I use eBay often, both the website and the Android app. They’re different, and it takes me a moment to adjust to which version is in front of me in this respect:
I usually use eBay to look for used items rather than new. On the website the new/used option is under “Condition,” while on the app it’s under “Item condition,” and I miss it almost every time I look for it.
I open the panel of filters and scan the long list of options for the capital “C” in Condition, but I scan past it without finding it. When I remember it’s called “Item condition” and that I should be scanning for a capital “I” I sometimes say “Darn it!” or the like.
What I wonder:
- Should UX language match on both platforms?
- Is the word “Item” necessary for any of the options? I suspect “Condition” (singular) would be understood in context and easier to scan.
- Why is “item” necessary for some filters and not all? Item price, Item location, Item gender, Item shape, etc?
- Is this a problem for people with more experience on the website who have since adopted the app, is it a problem for all users irrespective of platform, or is it a problem for just me?
Studies show the human eye scans across the top of the screen and then travels down the left side. I believe the user scans for the initial letter of the option they want, and prefacing that with “Item” interferes with this.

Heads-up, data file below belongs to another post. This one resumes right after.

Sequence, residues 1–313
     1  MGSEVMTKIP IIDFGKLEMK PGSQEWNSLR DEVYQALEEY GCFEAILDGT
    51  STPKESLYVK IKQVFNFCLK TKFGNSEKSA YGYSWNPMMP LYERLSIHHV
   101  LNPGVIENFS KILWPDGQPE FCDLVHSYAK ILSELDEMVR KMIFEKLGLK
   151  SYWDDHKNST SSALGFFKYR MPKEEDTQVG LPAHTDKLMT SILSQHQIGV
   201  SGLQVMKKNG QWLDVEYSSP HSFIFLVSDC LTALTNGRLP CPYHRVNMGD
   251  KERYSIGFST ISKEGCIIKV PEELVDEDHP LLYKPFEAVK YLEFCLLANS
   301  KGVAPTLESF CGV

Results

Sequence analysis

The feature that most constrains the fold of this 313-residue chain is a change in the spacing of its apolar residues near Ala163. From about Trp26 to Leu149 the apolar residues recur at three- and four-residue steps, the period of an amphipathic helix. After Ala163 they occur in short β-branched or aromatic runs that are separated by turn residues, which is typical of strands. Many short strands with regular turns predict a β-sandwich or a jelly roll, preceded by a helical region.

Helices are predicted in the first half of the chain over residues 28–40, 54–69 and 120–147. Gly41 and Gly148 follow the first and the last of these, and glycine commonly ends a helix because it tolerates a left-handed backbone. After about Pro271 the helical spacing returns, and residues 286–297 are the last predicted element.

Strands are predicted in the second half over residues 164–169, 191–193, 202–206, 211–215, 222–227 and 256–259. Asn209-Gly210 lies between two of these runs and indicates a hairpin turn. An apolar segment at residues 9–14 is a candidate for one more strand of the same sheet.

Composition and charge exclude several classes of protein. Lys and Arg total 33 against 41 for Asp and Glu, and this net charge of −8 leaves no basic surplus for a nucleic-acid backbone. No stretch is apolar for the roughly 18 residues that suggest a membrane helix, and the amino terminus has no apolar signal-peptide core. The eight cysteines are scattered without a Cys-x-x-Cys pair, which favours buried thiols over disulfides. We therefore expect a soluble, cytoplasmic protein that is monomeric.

What I would test and how:
I would test whether frequent website users have more trouble finding the condition option in the app than users who mostly or entirely use the app. Using tracking data from these groups, I would see which group takes longer between opening the side panel and selecting “Item Condition” when that’s the option they select. With a big enough sample, this could indicate the user scrolling up and down scanning for “Condition” when it’s hidden under “Item Condition.”
I would A/B test all users, half seeing “Condition” and half seeing “Item Condition.” I would compare which group takes less time between opening the side panel and finding the condition option when that’s the option they select. I would also collect data for who backed out of the option without making a selection, suggesting it wasn’t what they were expecting.
The rule of thumb for UX language is to use the smallest amount of verbiage that is meaningful; studies have shown that’s what usually performs best. But if the data tells a different story then go with the data.
I would like to see what the data says about eBay’s choice of UX language.